On Thursday, a Wisconsin circuit court judge denied a request by Kenosha prosecutors for a warrant to rearrest and increase the bail of the fascist killer Kyle Rittenhouse by $200,000. The motion was filed after it was revealed that the teenage shooter had violated his release agreement by concealing his whereabouts from the court.
Judge Bruce E. Schroeder abruptly shut down the virtual hearing after he sided with Rittenhouse and his attorney Mark Richards and repeatedly interrupted Assistant District Attorney (ADA) Thomas Binger’s attempt to explain that the accused murderer was “thumbing his nose” at the terms of his bond.
The judge also blocked attempts by Binger—as well as others attending the virtual hearing—to establish the connection between Rittenhouse and his attorney with far-right political groups who have promoted the killer as a hero and raised the $2 million needed for him to post bond.
Participating in the virtual hearing was John Huber, the father of Anthony Huber who was shot and killed, Kimberly Motley, attorney for the family of Joseph Rosenbaum who was shot and killed, and Gaige Grosskreutz, who was shot and survived.
During his time to speak, John Huber said of Rittenhouse, “From the moment he became a killer, he thought he was above the law. And he has no remorse for what he’s done, and he is enjoying this media circus and the support from these hate groups and militia members that have posted this bond. It’s not like his mom and dad put up the family house to get him out. He has nothing to lose if he runs. … he should be remanded to custody. … We don’t know where he is. You don’t know where he is. Nobody in that court knows where he lives.”
Although Judge Schroeder permitted Rittenhouse’s victims to speak, it became clear in the course of the hearing that he had absolutely no intention of ruling in favor of the ADA’s motion against the right-wing shooter.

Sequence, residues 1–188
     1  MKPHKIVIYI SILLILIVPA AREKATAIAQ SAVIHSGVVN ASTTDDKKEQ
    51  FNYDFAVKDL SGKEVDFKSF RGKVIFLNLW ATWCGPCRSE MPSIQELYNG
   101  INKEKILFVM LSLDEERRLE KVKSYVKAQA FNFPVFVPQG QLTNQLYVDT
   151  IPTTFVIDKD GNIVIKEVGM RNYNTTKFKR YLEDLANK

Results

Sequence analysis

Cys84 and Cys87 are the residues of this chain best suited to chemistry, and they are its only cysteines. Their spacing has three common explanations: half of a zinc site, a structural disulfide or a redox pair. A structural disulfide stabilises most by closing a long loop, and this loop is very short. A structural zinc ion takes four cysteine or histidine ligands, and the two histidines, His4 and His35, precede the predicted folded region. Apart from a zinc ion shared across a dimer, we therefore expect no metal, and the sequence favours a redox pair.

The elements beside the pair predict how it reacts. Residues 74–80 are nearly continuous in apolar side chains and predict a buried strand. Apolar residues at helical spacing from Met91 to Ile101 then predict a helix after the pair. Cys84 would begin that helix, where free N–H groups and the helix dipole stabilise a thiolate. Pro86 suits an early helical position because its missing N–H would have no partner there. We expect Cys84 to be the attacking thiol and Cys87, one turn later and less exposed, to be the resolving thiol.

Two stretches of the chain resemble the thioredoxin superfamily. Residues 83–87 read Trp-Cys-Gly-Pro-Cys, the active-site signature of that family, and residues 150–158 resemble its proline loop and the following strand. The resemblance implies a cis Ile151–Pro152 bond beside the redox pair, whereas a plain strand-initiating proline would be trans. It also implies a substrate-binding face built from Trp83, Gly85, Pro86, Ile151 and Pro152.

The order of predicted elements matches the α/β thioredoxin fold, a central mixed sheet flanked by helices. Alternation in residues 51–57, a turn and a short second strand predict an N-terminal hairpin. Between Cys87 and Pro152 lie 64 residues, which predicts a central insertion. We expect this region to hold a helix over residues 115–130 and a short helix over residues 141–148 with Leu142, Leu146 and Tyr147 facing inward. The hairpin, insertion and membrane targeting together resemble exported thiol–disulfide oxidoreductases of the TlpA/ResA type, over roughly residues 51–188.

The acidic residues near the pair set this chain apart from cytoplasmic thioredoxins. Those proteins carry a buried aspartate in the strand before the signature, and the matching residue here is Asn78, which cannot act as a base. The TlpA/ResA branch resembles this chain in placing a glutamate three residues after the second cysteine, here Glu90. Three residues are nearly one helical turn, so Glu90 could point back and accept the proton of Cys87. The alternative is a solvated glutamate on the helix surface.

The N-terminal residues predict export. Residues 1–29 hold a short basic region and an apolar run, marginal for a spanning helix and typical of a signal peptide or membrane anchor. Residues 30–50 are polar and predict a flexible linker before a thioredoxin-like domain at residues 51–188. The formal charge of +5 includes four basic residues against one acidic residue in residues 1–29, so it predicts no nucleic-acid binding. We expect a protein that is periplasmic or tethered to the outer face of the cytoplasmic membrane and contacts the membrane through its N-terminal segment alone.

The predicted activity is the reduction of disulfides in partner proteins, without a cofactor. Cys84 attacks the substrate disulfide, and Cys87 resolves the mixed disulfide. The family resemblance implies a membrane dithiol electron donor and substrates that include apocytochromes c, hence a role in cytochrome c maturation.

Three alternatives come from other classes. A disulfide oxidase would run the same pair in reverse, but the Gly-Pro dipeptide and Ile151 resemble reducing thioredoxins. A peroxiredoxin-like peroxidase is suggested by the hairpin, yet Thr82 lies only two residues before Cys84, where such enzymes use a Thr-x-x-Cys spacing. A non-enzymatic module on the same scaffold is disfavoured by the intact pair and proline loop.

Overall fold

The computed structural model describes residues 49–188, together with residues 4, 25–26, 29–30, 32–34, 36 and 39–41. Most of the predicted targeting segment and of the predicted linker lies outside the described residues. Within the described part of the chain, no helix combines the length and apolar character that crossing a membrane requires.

In the noteworthy conclusion to his ruling, Judge Schroeder acknowledged that Rittenhouse was in violation of the court order regarding his whereabouts and demanded that the residence of the accused shooter be disclosed. However, Judge Schroeder ruled that this information was only to be provided to himself and the Kenosha County Sheriff’s office. It was to be kept concealed from ADA Binger, “unless you offer good reason” to have it, the judge said.
In justifying this extraordinary decision, Schroeder expressed his hostility to the protesters against police violence that Rittenhouse has been charged with firing upon, wounding and killing. Claiming he wanted to keep everyone “safe,” Schroeder went on a diatribe, saying, “You remember what went on six months ago here? I’ve got two broken windows right here in this courtroom. The doors are all still covered with plywood. A good share of the community is still boarded up after millions of dollars of property damage in this ghastly event.”
Given that a survivor of Rittenhouse’s shooting spree of death and permanent injury was in the hearing, these were very revealing statements as to the political sympathies of Judge Schroeder.